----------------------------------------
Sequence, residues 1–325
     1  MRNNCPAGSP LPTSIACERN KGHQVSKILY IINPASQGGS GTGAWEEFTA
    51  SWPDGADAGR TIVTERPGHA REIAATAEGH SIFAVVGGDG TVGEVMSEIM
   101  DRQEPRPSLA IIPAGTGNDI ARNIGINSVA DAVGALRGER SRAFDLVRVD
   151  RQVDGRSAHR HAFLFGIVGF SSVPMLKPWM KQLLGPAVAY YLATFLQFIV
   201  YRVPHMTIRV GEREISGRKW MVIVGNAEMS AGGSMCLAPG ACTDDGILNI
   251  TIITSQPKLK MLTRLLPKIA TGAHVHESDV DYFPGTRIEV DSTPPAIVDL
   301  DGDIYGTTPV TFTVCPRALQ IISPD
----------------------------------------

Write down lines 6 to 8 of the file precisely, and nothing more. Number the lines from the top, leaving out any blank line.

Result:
   201  YRVPHMTIRV GEREISGRKW MVIVGNAEMS AGGSMCLAPG ACTDDGILNI
   251  TIITSQPKLK MLTRLLPKIA TGAHVHESDV DYFPGTRIEV DSTPPAIVDL
   301  DGDIYGTTPV TFTVCPRALQ IISPD